Wednesday, November 19, 2008

Rally Cries

You're probably wondering about the rallies this weekend. Or maybe you're not, but I'm going to tell you about them anyway.

First things first, two of my cousins (both straight; I'm the black sheep) went to the rally in Boise, Idaho. As you can imagine, the turnout wasn't huge, but it was bigger than I expected. Both my cousins, Natalie and Danae, said this was one of the best things they have ever done, and they were so happy to go out and show their support for me and their gay friends.

Here they are at the rally:

And here is the crowd gathered in front of Boise City Hall:

So, I joined the rather large crowd demonstrating in Los Angeles in front of our City Hall. I've read that the estimates of the crowd are in the 12,000 range, but I'm not buying it. That's what they said about the protest the night after the election, and this one on Saturday seemed SO much bigger. When the march started, we covered at least eleven city blocks. I don't know how they figure out the estimates, but I think they might want to increase the numbers a bit.

We got there, and it seemed that the speakers had just started. We listened to a few representatives from the gay community, then Los Angeles Mayor Antonio Villaraigosa. Then a few more local government officials, and finally some celebrities. Matt Lucas, of Little Britain fame, spoke to the crowd. Then came my favorite part of the speeches (starting at 0:23 in this video):

I'd never heard of that Marissa Jaret Winokur chick before, but she had maybe the best line of the day, and I appreciate her support. I hear that Pink and T.R. Knight were also there, though if they spoke, I missed it. I was never into the Xena thing, but I think Lucy Lawless is great, particularly on Battlestar Galactica. I like her even more for being at this rally.

After way too many speeches in 90+ degree weather, we started to march. The march began at 1st and Spring, went down Spring to 4th, turned left on 4th, then left on Main to continue back toward 1st.

The march was incredible. There were the "What do we want? Equal rights! When do want it? Now!" chants, and there were people holding up signs everywhere. It was a feeling of overwhelming optimism. Don't believe what some in the conservative media are trying to tell you, that we are angry and violent towards those who disagree with our beliefs. Yes, we are angry. But what violence there has been is an anomaly. There are extremists in every group, and they do not speak for the majority of us.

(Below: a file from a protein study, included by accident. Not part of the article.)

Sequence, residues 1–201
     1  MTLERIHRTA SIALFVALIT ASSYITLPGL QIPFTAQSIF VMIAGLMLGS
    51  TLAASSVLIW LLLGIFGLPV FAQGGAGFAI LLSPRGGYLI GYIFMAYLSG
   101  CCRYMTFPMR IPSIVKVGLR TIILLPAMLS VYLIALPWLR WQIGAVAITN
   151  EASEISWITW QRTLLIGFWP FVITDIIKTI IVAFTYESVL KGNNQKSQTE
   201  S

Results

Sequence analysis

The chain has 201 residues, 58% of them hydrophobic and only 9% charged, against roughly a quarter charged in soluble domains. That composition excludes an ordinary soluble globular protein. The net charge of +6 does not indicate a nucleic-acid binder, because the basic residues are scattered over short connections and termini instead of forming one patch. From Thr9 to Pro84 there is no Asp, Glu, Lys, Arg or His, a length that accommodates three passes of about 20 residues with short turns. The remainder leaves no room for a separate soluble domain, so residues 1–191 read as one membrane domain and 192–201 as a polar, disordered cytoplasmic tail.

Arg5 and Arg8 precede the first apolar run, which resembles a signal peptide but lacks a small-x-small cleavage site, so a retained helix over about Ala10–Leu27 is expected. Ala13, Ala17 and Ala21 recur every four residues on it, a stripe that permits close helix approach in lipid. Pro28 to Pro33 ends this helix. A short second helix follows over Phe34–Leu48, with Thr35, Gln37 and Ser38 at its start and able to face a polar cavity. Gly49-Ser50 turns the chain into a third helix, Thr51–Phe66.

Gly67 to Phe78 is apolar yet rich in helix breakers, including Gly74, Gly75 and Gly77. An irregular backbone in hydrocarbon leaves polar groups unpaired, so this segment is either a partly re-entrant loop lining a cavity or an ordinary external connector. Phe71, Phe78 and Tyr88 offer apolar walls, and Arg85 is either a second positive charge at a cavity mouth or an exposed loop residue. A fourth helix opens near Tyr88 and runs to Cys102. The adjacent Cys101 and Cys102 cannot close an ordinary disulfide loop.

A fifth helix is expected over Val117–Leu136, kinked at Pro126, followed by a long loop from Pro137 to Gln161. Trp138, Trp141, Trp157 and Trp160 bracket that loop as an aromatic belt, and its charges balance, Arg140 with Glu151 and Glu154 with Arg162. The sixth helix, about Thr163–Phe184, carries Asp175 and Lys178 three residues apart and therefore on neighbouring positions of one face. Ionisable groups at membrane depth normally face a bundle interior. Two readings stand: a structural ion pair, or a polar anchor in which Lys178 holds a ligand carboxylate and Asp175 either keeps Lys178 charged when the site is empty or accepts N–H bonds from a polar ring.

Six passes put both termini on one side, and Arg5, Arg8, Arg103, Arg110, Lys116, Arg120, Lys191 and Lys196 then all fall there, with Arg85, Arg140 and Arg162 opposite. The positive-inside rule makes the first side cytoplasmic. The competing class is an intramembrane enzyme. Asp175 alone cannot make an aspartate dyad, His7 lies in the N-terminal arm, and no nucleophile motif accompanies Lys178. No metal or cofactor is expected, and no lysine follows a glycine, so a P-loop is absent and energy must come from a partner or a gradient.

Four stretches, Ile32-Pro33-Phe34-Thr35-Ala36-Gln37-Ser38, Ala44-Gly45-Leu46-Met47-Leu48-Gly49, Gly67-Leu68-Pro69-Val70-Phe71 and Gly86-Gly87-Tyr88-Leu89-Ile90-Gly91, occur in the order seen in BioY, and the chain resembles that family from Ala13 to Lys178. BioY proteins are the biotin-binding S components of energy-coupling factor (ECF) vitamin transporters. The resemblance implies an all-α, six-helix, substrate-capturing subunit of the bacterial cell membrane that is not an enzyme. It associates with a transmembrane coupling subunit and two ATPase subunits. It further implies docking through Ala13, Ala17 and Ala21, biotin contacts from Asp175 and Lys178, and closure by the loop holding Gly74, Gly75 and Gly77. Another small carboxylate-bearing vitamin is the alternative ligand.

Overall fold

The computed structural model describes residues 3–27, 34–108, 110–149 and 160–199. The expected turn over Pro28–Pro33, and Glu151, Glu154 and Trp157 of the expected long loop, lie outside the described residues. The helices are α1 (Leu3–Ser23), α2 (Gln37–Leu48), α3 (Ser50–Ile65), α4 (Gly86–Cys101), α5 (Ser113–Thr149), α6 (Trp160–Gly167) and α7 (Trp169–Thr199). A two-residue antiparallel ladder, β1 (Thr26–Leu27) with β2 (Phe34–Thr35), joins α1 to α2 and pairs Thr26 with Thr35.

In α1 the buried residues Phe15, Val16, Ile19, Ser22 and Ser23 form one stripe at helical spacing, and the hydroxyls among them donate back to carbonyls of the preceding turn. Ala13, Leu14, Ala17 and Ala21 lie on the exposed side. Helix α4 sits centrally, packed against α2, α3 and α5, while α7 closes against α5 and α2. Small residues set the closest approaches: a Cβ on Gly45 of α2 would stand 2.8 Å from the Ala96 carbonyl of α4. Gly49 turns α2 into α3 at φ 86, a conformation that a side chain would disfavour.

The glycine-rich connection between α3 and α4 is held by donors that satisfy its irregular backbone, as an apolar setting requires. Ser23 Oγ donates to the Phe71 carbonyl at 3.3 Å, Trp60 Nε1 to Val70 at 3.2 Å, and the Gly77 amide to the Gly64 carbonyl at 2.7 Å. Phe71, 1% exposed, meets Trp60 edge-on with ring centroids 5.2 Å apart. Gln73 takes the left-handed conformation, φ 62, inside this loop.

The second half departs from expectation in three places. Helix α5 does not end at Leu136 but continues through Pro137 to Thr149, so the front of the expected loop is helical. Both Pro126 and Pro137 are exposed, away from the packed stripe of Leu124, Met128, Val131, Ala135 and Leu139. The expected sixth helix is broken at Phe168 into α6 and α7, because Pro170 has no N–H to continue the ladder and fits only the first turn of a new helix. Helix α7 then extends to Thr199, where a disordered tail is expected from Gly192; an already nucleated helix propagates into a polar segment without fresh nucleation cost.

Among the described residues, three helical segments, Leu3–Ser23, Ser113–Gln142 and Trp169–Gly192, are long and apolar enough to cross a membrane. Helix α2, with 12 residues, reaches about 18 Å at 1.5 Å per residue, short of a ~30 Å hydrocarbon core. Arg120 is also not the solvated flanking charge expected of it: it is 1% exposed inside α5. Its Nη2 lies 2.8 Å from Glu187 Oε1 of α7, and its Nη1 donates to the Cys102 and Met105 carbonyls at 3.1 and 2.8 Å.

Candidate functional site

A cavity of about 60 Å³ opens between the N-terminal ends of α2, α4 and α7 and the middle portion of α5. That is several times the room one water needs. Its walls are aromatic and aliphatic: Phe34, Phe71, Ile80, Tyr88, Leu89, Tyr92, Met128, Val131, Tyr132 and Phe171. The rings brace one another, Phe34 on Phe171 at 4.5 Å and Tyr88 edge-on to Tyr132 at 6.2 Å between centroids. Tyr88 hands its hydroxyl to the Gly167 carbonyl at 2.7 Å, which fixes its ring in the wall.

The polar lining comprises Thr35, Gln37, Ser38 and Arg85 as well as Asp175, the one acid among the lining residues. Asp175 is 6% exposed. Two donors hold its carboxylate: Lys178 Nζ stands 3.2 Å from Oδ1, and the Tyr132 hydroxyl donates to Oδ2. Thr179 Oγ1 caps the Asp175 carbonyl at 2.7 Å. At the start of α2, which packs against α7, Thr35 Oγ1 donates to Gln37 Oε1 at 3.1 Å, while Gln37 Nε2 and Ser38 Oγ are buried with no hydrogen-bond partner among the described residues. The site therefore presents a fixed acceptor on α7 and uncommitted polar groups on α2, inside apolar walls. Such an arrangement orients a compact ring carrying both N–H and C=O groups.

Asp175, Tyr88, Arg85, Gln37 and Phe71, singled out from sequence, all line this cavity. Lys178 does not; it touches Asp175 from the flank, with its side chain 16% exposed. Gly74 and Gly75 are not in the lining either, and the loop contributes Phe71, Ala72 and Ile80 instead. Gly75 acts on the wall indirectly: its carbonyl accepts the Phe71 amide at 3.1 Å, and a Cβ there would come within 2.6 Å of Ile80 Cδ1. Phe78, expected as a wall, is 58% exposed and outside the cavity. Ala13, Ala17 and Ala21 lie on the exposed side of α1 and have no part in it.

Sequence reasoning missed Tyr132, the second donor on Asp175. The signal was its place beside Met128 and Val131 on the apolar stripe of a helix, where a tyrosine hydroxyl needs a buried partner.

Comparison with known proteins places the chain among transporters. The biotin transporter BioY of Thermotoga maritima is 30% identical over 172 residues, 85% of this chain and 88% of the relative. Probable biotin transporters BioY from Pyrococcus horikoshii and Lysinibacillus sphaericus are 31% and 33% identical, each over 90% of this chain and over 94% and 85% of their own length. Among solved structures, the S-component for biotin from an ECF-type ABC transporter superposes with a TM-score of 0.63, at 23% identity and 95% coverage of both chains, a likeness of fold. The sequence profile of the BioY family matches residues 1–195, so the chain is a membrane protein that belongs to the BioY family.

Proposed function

Here that, Michelle Malkin? Quit spreading that "those crying for tolerance are the most intolerant of all" crap and realize that we are a group fighting for rights that have been unceremoniously stripped away from us. Where's your article on the Westboro Baptist Church (you'll have to Google that one yourself; I'm not linking to them again) and their extremist views? I absolutely do not condone violence, but we have the right to the "insane rage" you ascribe to us, and I won't apologize for it. That column you wrote is the best example I've seen of the right wing media pandering to its base. Nice work.

Back to the march. Along Main, we passed a bar. A guy walked out to tell his friend to come inside and said, "It's a gay bar now." We went in for a bottle of water, and probably got one of the last bottles the guy had, since he probably doesn't get a lot of requests for it on an average day.

My fiancé and I broke off when we got back to 1st, because she was sick (diagnosed with some sort of bacterial infection on Sunday) and couldn't walk anymore. But the rally continued at least three or four blocks beyond where we stopped. I don't know exactly how far they went, but there were people everywhere.

Here are the choice moments from the rally, in a handy slideshow format (click to make pictures bigger):

Prop 8 Rally

Good stuff happened everywhere. In Las Vegas, Wanda Sykes made one hell of a speech (the quality of the video is not the greatest, but it's the best I could find):

I don't know what good will come of these rallies. I know it's good to get our voices out there, and to let the world know we're not giving up. There's apparently a good chance the courts will do the right thing, but then we'll just deal with the outcry over the "activist judges" crap all over again. The "Yes on 8" folks see no problem with the fact that they were able to vote on the rights of a minority. They have never heard of the tyranny of the majority, I guess. If the judges are the only ones

This amendment to our state constitution took away the rights of a minority. That's the bottom line. There is no way this can be regarded as fair in the eyes of the law. If it takes a court to see that, so be it.

I had friends who went to the rallies in Boston, Philadelphia, Houston, New York, and Gainesville, FL, but none of them have sent me pictures yet. So you'll see those once I pester those friends into submission.


Bruce Paine said...

You know what makes you harder to ignore?

Erin said...

I'm gonna guess...guns?

Bruce Paine said...

The government wouldn't listen to this one group of dudes back in the day, so they called up their buddies and with a batch of squirrel guns they won a country. Think of what a good leader could do with a few dozen ARs, a truck of .223 and a hundred motivated lesbians. Its Red Dawn meets the The Children's Hour and instead of Shirley Maclaine wallowing in her own sense of desperate tragedy, she gets pissed and bunkers up. That would be freaking awesome. Get John Milius to do the screenplay, Jodie Foster plays Martha and somebody young and nubile for Karen and Clive Owen in Garner's spot(to make my girlfriend happy) and you got a winner.